In 1957 Hawkins was hired by Jules V. Sikes as assistant head football coach at East Texas State University (now Texas A&M-Commerce). Hawkins was part of an assistant staff that helped Sikes lead the Lions to six winning seasons, three Lone Star Conference championships, two LSC second-place finishes, and the Tangerine Bowl victories in 1957 and 1958. Hawkins worked with Sikes to make the Lion offense incredibly potent by mixing in Sikes' T formation power running with Hawkins's penchant for throwing the Football. The combination gave the Lions great success during that time, winning conference and bowl championships and sending numerous players to the National Football League.
In the Spring of 1964, Sikes died suddenly, and Hawkins was named successor shortly thereafter. The first two seasons saw the Lions go 2–7 and 4–5, but in only his third year Hawkins and Lions won the 1966 Lone Star Conference championship, his first of four. The Lions repeated as conference champions in 1969 and finished second place in 1968. At the end of the 1971 season, Hawkins had notched a record of 40–37–1 with two conference titles, one second-place finish, and four winning seasons.
1972 season[edit | edit source]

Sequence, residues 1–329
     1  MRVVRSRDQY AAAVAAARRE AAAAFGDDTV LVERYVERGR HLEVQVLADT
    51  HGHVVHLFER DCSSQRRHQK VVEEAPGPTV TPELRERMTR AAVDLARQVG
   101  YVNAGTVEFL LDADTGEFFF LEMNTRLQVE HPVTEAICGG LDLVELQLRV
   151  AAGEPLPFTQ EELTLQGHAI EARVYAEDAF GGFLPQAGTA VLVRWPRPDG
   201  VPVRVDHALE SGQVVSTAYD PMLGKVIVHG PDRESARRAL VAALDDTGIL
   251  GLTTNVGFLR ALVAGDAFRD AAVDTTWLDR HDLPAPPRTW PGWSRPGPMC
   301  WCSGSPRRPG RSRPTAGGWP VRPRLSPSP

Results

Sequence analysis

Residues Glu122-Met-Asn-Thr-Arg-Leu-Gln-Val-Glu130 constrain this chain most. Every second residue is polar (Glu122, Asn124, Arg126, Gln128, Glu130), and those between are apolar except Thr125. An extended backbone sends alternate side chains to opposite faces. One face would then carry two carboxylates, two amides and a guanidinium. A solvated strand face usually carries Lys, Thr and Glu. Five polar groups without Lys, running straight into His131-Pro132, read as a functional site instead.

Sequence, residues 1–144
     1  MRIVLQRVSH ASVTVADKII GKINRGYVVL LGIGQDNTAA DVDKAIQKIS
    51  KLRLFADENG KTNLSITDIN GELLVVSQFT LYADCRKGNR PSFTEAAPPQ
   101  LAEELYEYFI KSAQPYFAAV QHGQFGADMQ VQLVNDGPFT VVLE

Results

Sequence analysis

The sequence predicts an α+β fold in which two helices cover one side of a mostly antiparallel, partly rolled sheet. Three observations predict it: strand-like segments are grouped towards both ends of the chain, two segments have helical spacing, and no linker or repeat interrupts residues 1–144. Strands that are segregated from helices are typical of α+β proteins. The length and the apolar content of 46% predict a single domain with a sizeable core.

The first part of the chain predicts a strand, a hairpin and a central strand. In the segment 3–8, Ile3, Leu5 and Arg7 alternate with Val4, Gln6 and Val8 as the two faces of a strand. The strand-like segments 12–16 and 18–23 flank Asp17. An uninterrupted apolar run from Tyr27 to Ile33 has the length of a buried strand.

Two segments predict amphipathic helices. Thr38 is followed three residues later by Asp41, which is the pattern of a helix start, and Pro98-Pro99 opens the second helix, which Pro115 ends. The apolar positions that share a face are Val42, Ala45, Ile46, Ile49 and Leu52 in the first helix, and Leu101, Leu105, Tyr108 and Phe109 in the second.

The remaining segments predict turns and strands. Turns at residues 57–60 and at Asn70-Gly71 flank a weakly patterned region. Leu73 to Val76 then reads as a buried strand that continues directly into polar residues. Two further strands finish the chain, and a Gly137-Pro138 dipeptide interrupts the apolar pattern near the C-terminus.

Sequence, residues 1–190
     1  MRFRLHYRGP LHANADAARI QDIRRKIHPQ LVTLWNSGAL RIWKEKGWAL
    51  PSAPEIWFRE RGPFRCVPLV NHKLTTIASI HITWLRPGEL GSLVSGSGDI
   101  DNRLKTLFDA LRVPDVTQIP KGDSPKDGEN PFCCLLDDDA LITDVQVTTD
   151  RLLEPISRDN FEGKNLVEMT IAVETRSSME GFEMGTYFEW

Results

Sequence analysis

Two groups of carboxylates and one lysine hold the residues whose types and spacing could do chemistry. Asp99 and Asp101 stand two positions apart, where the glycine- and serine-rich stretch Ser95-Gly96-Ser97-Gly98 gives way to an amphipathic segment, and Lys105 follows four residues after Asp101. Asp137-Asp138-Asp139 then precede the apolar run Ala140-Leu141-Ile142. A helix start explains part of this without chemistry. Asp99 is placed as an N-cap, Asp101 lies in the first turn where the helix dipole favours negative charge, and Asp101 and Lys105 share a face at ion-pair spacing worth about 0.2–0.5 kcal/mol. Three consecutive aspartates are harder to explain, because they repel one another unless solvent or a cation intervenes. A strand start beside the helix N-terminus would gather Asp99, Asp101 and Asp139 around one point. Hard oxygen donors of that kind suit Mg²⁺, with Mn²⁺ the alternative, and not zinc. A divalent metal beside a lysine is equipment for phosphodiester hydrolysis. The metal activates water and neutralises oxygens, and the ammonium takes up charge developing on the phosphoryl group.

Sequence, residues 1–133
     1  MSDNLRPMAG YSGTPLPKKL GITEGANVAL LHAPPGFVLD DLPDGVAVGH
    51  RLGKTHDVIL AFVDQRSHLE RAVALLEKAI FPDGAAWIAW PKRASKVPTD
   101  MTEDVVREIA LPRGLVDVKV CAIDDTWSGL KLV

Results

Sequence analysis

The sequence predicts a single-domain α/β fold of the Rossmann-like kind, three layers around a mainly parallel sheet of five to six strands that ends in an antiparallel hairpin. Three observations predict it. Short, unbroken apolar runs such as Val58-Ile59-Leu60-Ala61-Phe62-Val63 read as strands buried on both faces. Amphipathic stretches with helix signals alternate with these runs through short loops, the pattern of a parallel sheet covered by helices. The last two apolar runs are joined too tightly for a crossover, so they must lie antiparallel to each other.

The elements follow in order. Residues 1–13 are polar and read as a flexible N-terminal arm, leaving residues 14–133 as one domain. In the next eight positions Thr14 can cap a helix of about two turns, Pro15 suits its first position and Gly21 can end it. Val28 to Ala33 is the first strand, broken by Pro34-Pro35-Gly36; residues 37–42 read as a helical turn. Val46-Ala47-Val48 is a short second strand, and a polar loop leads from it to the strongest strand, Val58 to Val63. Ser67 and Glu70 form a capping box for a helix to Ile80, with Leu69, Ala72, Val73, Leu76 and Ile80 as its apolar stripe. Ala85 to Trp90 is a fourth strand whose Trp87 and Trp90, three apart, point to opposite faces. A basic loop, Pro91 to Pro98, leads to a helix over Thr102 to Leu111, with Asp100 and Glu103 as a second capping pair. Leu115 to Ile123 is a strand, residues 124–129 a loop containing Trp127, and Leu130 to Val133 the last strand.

Heading into the 1972 season, the Lions were picked to finish fourth in the conference, and started out the season with 14–12 loss to rival Abilene Christian University, but then racked up six straight wins to climb into the national polls in the top 5, but then The Lions were upset by Sul Ross State University by a 15–14 score, dropping them out of the top five ranking. The Lions finished the season with wins over Angelo State and Tarleton State. When the final national rankings came out, the Lions were ranked fourth in the nation and invited to the NAIA National Playoffs. In the first round the Lions faced the top-ranked team in the nation, the University of Central Oklahoma Bronchos. The Lions shocked the nation and routed UCO 54–0 in the national semi-finalists, earning them a spot in the National Championship game against the second ranked Carson-Newman College Eagles. The Championship game was determined to be played in Commerce. On a bitterly cold December day in front of a packed Memorial Stadium, Hawkins's Lions defeated Carson-Newman 21–18 to claim the national title. Among the players on the team were future NFL players Will Cureton, Harvey Martin, Autry Beamon, Aundra Thompson, and Tim Collier. The Lions were named the National Team of the Year and Hawkins was named both Lone Star Conference Coach of the Year and National Coach of the Year.